Popularity is not my form of casting, professionalism is. It’s about being able to interpret a role effectively and believably on screen. Anyone committed to the process and willing to subject themselves to the profession, I will proceed with. Film is an art form. Therefore, you have to treat it with that degree of respect and intentionality.
Beyond movie productions, your company, Temple Production handles documentaries, jingles and advertisements. Which of the numerous jobs you have handled stands out for you and why?
The advertisement and jingle for the presidential campaign of 1998. And then the short film for midwives and the silent experimental film were made in 2017.
You were the 60th president of the International Women Society. What was the experience like for you?
It was interesting and challenging. At the time I had been a member for 18 years and I wanted a charity that was giving back, especially to girls and women, and the structure was what attracted me. I had worked in different areas of the organization, so when the opportunity came to head the society, I took it. I was focused on projecting a fresh approach, a 21st century society, and to find ways to attract more young women into the society. Additionally, it was to ensure support for our projects; scholarships, widows business trust, the IWS nursery school and adult literacy center.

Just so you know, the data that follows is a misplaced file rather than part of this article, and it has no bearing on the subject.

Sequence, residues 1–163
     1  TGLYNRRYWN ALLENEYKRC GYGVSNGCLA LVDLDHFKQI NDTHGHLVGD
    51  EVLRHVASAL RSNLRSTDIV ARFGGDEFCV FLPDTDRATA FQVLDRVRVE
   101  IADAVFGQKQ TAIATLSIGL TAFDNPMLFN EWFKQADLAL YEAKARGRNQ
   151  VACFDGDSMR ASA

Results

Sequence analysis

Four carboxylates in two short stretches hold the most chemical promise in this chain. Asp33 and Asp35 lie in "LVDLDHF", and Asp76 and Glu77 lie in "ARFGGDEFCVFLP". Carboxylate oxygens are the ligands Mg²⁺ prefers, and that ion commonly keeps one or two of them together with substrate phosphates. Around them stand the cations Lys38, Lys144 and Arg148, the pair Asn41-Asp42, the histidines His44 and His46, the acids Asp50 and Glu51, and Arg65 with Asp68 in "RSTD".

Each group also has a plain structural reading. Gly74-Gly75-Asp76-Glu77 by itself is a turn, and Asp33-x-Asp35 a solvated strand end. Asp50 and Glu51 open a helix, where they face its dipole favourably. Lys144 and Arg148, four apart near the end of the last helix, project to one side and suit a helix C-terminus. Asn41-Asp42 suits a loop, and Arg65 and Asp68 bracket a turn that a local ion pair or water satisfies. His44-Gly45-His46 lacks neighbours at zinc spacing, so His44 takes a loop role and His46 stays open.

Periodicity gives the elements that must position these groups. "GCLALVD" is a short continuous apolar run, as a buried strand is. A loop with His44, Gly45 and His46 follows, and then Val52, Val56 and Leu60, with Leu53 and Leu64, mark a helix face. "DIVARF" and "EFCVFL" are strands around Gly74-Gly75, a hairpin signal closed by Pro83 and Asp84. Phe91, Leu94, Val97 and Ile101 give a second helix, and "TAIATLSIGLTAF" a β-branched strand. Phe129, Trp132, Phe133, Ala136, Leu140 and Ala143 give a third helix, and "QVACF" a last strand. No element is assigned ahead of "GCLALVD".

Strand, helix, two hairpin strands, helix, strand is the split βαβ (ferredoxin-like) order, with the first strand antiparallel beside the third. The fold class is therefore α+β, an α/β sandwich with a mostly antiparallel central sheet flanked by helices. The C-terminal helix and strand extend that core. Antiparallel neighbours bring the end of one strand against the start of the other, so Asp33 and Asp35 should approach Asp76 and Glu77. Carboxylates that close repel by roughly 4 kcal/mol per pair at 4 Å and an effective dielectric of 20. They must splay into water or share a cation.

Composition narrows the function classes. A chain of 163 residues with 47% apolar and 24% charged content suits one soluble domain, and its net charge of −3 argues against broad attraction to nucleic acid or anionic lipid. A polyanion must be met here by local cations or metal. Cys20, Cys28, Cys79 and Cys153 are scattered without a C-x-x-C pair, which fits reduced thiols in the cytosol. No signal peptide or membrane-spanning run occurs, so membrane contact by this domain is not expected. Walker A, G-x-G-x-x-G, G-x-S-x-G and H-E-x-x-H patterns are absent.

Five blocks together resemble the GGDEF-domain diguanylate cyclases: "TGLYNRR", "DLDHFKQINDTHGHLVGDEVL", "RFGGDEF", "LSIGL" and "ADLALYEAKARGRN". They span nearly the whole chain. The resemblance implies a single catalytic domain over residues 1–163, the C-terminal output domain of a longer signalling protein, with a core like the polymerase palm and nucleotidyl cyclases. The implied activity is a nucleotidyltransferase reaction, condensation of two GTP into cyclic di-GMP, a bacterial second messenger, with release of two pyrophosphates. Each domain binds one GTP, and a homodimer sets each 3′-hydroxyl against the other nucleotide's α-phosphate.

What legacy did you leave behind when you handed over?
I hope I left a legacy for the organisation to continue to flourish by bringing in new blood and securing our position and creating awareness of what we do.
What experiences would you say must have significantly shaped you to be who you are today?
The loss of a parent early can shape and/or change you. My father was everything to us; he was our protector, our role model, our backbone, adviser, father, friend – he was everything to us, so, it really affected all of us in the family. We grew up faster and had to focus on using the lessons he taught us to live our lives in ways that would always honour him and our upbringing.
What was growing up like with a Nigerian father and a Barbadian mother?
It was a lovely upbringing. It was also a great mix of both cultures, Igbo and the culture of Barbados where my mum is from, which is, of course, similar.
How did you meet your husband, Mr Omamofe Boyo? What was the attraction?
We met in Lagos, but I have been most unwilling to give anyone that story but my friends and family know the exact story. I prefer to keep the details to myself.
You have been married for close to 30 years. So, you must be doing something right. What advice would you give to the younger generation who don’t have any qualms about ending their marriage at the drop of a hat over very flimsy reasons?
All I can say is that marriage is a union between two imperfect people and it’s not perfect, expect that. It is a work-in-progress. Be committed, be honest with one another and communicate. Discuss the important things beforehand. Things like finances, children, religion, education and values.
How do you unwind?
I read, listen to music, meet up with friends, walk and garden.